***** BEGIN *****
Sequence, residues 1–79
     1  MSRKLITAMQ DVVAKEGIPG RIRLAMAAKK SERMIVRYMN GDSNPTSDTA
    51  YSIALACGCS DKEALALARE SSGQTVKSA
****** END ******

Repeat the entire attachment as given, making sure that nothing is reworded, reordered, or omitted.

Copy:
Sequence, residues 1–79
     1  MSRKLITAMQ DVVAKEGIPG RIRLAMAAKK SERMIVRYMN GDSNPTSDTA
    51  YSIALACGCS DKEALALARE SSGQTVKSA